Thank you, everybody, for your birthday wishes.
I want to say a few things about “aging.”
First, Pink Floyd was right when they sang, “shorter of breath, one day closer to death.” That’s simply a physiological and statistical fact. So that’s out of the way. I’m now 51, spiraling down the long-in-the-tooth side of the bell curve. I’m closer to having my final dance on earth than my first, by a long-shot. So what. It’s a natural part of the process, not to be celebrated or loathed. It just is.
Captain Jack–my crusty old Norwegian skipper when I worked on commercial fishing boats in Alaska–is now in his mid-80s and considered by many to be the world’s oldest teenager. Over the years, Captain Jack has had lots of good, solid advise for me. His mantra, though, has always been “think young.” Everything boiled down to that.
Now that’s cognition in action.
I’m not as young as I feel–I am as young as I act. Life is not a feeling, it’s a thought and a series of actions, many which become habituated. Feelings are the goofy and largely inaccurate emotional incidents that happen in-between thoughts and actions. They are not truth, just quirky barometers that point to how we view ourselves and our relationship to our Creator and all that is.
Some people say “youth is wasted on the young” because once they learn some real lessons and finally have something that resembles answers to life’s numerous riddles, they “feel” cheated that this knowledge came a tad too late to be practically applied.
“Think young” doesn’t equate “think stupid.” It means to consciously and mindfully maintain the wonder and exuberance of youth throughout your entire life, and remain teachable. Don’t let yourself get “old” because that’s what you’re supposed to do based on silly cultural constructs.
Everyone knows someone who “refuses to grow up.” You love them because they represent eternal spirit and frankly, they’re fun to be around. However, you hate them because you’re afraid or don’t know how to be that way as well. They’ve permanently accessed and live in a world that you feel excluded from. Perhaps you’re a bit envious.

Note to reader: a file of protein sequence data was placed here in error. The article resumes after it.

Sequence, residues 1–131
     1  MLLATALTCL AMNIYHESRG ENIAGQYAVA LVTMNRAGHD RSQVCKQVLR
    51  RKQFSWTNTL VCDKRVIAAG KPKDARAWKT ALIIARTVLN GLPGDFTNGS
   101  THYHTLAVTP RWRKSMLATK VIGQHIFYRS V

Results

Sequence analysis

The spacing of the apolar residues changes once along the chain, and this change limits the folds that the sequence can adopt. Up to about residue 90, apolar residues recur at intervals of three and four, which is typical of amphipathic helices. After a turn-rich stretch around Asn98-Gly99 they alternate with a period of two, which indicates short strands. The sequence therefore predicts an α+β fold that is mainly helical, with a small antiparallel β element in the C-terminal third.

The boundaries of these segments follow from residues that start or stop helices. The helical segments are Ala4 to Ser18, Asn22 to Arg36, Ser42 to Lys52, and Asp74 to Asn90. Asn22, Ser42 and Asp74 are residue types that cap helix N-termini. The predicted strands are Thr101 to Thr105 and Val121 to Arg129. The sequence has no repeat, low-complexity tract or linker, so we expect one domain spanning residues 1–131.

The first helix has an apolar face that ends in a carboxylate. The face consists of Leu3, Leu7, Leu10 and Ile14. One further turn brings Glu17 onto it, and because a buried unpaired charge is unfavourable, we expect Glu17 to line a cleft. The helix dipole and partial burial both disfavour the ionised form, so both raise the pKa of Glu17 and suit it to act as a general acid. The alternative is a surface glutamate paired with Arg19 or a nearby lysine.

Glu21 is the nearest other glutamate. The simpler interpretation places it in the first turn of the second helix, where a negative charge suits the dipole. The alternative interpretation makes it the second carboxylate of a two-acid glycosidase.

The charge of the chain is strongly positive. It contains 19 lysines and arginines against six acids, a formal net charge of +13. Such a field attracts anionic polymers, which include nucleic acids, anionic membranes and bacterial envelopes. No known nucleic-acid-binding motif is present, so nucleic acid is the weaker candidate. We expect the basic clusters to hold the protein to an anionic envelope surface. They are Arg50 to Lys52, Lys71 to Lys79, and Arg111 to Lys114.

Thought turns into actions. In the middle are feelings and silly mental and social constructs. It’s not real but manufactured in the mind. Perhaps a whole bunch of schmucks agree that this particular thought/feeling is to be the group consensus, or normative behavior. That makes it appear “right” and you find safety in doing what’s “right.” Yet what you call “reality” isn’t real–it’s *perception*. Change the perception, change the reality. It really is that simple.
I’m not going to be the wise old sage imparting wisdom to young people. I’m going to be the pain-in-the-ass old-timer who is smart enough to hide behind his age and feign dementia to get away with never getting old in the first place.
So here’s to you, those who to age is not only just a number, but a ridiculous and meaningless one at that.
In the mid 1960s 17-year-old Laura Nyro wrote, “And when I die and when I’m dead, dead and gone, there’ll be one child born and a world to carry on, to carry on.” Like the Bible says, I’m a mist, that’s it. And that’s perfectly okay by me.
Oh yeah–happy anniversary Jen. What a lark that was, getting married on my birthday. What idiot does that? I did. See why I don’t take myself too seriously?
July 22, 2013